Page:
"Sharing the founders' flame : John Jay, Missouri, and memory" in A fire bell in the past : the Missouri Crisis at 200

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Chapter in a Book

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Many new states entered the United States around 200 years ago, but only Missouri almost killed the nation it was trying to join. When the House of Representatives passed the Tallmadge Amendment banning slavery from the prospective new state in February 1819, it set off a two-year political crisis in which growing northern antislavery sentiment confronted the southern whites’ aggressive calls for slavery’s westward expansion. The Missouri Crisis divided the U.S. into slave and free states for the first time and crystallized many of the arguments and conflicts that would later be settled violently during the Civil War. The episode was, as Thomas Jefferson put it, “a fire bell in the night” that terrified him as the possible “knell of the Union.”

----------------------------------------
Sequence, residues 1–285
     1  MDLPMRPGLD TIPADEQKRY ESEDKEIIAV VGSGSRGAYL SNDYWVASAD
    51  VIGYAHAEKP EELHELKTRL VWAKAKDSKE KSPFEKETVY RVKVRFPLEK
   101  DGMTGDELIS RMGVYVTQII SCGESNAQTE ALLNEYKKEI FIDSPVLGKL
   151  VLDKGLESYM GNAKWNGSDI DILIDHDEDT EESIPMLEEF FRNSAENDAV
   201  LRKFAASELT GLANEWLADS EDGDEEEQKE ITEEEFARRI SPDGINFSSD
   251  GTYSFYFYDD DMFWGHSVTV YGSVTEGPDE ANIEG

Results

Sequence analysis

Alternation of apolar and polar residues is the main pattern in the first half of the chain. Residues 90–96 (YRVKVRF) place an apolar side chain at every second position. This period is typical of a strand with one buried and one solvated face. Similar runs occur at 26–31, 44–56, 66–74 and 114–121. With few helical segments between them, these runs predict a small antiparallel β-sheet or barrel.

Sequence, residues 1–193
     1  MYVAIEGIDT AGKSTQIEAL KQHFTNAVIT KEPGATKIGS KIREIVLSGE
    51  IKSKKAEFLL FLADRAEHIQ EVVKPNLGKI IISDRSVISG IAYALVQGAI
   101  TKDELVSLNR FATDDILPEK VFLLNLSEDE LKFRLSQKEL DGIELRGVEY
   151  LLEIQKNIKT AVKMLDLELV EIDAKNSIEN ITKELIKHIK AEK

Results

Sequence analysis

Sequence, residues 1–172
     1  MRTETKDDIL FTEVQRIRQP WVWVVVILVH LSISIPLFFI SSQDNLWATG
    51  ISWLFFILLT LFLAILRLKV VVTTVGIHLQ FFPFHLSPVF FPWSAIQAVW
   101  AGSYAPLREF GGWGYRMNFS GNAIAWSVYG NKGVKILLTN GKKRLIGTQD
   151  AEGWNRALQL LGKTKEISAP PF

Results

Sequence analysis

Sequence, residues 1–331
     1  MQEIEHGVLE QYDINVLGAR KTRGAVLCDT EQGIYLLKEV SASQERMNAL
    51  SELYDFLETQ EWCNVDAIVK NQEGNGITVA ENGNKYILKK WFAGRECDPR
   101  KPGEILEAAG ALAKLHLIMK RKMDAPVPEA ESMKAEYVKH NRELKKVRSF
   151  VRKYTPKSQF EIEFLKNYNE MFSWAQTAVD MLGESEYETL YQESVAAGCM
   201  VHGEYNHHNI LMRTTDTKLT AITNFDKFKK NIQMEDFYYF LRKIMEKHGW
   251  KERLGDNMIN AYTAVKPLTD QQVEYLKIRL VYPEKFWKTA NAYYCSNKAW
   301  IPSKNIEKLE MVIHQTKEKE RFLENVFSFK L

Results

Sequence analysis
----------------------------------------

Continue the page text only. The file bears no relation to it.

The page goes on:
Drawing on the participants in two landmark conferences held at the University of Missouri and the City University of New York, this first of two volumes finds myriad new perspectives on the Missouri Crisis. Celebrating Missouri’s bicentennial the scholarly way, with fresh research and unsparing analysis, this eloquent collection of essays from distinguished historians gives the epochal struggle over Missouri statehood its due as a major turning point in American history.

Contributors include the editors, Christa Dierksheide, David N. Gellman, Sarah L. H. Gronningsater, Robert Lee, Donald Ratcliffe, Andrew Shankman, Anne Twitty, John R. Van Atta, and David Waldstreicher.